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J. William Jones, Christ in the camp, or religion in Lee's army 5 1 Browse Search
William W. Bennett, A narrative of the great revival which prevailed in the Southern armies during the late Civil War 1 1 Browse Search
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J. William Jones, Christ in the camp, or religion in Lee's army, Chapter 11: the great revival along the Rapidan. (search)
and patient faith wait on God, who is able to do exceeding abundantly above all that we ask or think. The letters from the converted soldiers were often the means, under God, of awakening an interest in the Churches at home. And back to the army went letters telling how hearts were touched and made truly penitent by reason of the tidings sent from the boys in the tents and trenches. Dr. Bennett's Great Revival. Soldiers were converted by thousands every week. From Virginia, Rev. G. R. Talley wrote: God is wonderfully reviving his work here, and throughout the army. Congregations large—interest almost universal. In our chaplains' meeting it was thought, with imperfect statistics, that about five hundred were converted every week. We greatly need chaplains—men of experience and ministerial influence. Our Regimental Christian Association, as a kind of substitute for a Church, and our Bible-classes, are doing well. Under the powerful stimulus of such a revival, the
J. William Jones, Christ in the camp, or religion in Lee's army, Appendix: letters from our army workers. (search)
he community. At this period the meeting took a more business turn. Brother W. E. Jones, who had been appointed upon the committee to complete the list of chaplains, asked to be excused. Granted; and Brother Dobbs appointed in his place. The committee appointed long ago to procure a better supply of chaplains was dissolved, at their request. Brother Talley moved that a committee be appointed to bring in an order of business at the next meeting. Carried. Committee—Brothers Lacy, Talley and Hopkins. It was moved by Brother Lacy that a committee of three be appointed to report upon the subject of opening a correspondence with other armies in the field. Committee—Brothers Hopkins, Booker and Betts. Dr. Bocock exhorted the brethren to go forward and lean upon Jesus Christ for guidance and for strength. Rev. Brothers W. A. Hall, James M. Lewis, John S. Grasty, were in attendance throughout the proceedings, and were invited to take part in the proceedings. Rev. Henr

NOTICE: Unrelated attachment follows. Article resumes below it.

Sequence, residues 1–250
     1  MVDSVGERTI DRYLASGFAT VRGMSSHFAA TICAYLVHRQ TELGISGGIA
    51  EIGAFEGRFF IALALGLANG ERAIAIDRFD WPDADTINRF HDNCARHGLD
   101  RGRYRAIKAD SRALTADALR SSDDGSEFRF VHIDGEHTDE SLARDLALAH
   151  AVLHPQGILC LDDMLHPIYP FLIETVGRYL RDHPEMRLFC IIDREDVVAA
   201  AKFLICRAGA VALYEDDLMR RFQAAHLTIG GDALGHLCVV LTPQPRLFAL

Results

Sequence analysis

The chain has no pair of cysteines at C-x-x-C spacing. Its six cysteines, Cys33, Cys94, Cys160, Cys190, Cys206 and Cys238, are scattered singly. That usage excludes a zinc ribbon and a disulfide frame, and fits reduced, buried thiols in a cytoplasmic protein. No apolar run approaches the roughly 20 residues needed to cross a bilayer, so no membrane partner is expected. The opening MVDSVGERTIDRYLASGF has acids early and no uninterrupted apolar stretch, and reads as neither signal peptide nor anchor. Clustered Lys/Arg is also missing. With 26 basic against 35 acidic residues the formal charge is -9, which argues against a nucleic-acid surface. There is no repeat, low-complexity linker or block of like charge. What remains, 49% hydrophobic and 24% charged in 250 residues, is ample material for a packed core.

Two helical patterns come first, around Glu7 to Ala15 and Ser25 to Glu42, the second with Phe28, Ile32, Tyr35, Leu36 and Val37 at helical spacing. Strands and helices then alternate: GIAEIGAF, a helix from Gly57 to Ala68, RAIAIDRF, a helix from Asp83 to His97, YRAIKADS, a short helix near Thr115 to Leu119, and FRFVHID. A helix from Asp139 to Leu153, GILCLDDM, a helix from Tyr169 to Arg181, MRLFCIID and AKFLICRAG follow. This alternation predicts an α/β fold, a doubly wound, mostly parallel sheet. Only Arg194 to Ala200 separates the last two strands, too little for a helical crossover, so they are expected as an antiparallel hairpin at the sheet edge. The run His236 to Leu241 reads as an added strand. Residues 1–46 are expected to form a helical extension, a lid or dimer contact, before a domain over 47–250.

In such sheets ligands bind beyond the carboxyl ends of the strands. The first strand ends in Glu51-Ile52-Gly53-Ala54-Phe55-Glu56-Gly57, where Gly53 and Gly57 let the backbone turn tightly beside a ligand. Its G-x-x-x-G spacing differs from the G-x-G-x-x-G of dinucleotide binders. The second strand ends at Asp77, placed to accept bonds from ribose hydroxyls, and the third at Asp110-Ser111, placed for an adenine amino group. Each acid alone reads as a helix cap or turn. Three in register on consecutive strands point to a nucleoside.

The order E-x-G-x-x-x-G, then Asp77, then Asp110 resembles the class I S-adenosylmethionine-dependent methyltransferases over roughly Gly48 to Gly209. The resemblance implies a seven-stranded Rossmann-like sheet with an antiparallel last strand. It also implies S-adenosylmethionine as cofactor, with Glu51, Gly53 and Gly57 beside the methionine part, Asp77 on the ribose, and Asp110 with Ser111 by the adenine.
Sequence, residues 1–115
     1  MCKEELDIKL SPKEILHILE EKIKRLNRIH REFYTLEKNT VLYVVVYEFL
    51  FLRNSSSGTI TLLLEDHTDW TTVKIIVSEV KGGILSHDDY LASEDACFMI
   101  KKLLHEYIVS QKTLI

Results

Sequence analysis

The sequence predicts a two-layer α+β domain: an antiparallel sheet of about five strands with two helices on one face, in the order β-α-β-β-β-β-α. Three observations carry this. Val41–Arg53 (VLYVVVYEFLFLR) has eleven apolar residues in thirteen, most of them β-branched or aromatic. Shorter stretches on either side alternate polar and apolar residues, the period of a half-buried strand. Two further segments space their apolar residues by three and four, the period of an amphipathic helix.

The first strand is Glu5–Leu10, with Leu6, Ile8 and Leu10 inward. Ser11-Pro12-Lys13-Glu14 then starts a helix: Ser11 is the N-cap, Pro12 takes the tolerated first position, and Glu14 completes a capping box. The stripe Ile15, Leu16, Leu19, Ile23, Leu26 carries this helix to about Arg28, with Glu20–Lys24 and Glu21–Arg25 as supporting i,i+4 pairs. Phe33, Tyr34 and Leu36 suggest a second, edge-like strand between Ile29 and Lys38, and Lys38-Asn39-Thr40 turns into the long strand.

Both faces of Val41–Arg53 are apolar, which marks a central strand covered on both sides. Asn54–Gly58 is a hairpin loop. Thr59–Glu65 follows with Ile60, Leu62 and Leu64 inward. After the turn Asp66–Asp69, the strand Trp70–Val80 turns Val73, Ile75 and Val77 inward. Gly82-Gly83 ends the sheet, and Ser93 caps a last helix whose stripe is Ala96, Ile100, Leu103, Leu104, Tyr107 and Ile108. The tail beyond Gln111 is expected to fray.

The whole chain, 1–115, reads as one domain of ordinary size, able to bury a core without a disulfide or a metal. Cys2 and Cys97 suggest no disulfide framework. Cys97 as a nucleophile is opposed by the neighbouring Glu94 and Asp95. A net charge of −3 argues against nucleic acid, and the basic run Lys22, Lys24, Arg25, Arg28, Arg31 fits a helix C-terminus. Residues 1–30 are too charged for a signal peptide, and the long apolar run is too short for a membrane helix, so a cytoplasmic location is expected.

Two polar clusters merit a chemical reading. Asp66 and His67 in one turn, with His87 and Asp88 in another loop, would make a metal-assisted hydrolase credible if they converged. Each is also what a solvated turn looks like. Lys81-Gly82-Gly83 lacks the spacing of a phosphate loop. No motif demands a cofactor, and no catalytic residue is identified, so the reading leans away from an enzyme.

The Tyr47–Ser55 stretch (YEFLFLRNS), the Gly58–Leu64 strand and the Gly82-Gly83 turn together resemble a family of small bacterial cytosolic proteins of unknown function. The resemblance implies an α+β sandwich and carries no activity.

J. William Jones, Christ in the camp, or religion in Lee's army, Roster of chaplains, army of Northern Virginia. (search)
rth Carolina. John Paris. Johnson's Brigade. Fifth North Carolina. Twelfth North Carolina. J. H. Robbins. Twentieth North Carolina. L. A. Bickle. Twenty-third North Carolina. Rodes's (old) Division Cook's Brigade. Twelfth Georgia. A. M. Marshall; Rev. Mr. Poulridge. Forty-fourth Georgia. H. E. Brookes. Fourth Georgia. R. F. Evans; James O. A. Sparks. Twenty-first Georgia. Battle's Brigade. Third Alabama. T. J. Rutledge. Fifth Alabama. W. G. Curry. Sixth Alabama. G. R. Talley. Twelfth Alabama. H. G. Moore. Twenty-sixth Alabama. Wm. E. Cameron. Sixty-first Alabama. Cox's Brigade. Thirtieth North Carolina. A. D. Betts. Fourteenth North Carolina. W. C. Power. Second North Carolina. Fourth North Carolina. Grymes's Brigade. Fifty-third North Carolina. J. H. Colton. Forty-fifth North Carolina. E. H. Harding. Forty-third North Carolina. E. W. Thompson. Second Battalion. Rev. Mr. Tennent. Thirty-second North Carolina. W. B. Richardson. D. R. Johnson
eat effect. The chaplains and missionaries work with zeal, and have much good fruit. Let our friends at home thank God and take courage. Hundreds of soldiers are coming to Jesus. My health is good, though I feel weak with jaundice. We now have at work in this army as missionaries from our Church: Revs. R. P. Ransom, C. W. Miller, Wellborn Mooney, W. Burr, Bro. Allen, and your humble servant. We expect Bro. Petway. Soldiers were converted by thousands every week. From Virginia Rev. G. R. Talley wrote: God is wonderfully reviving his work here, and throughout the army. Congregations large — interest almost universal. In our Chaplains' meeting it was thought with imperfect statistics that about five hundred are converted every week. We greatly need chaplainsmen of experience and ministerial influence. Our Regimental Christian Association, as a kind of substitute for a church, and our Bible-classes, are doing well. Under the powerful stimulus of such a revival the C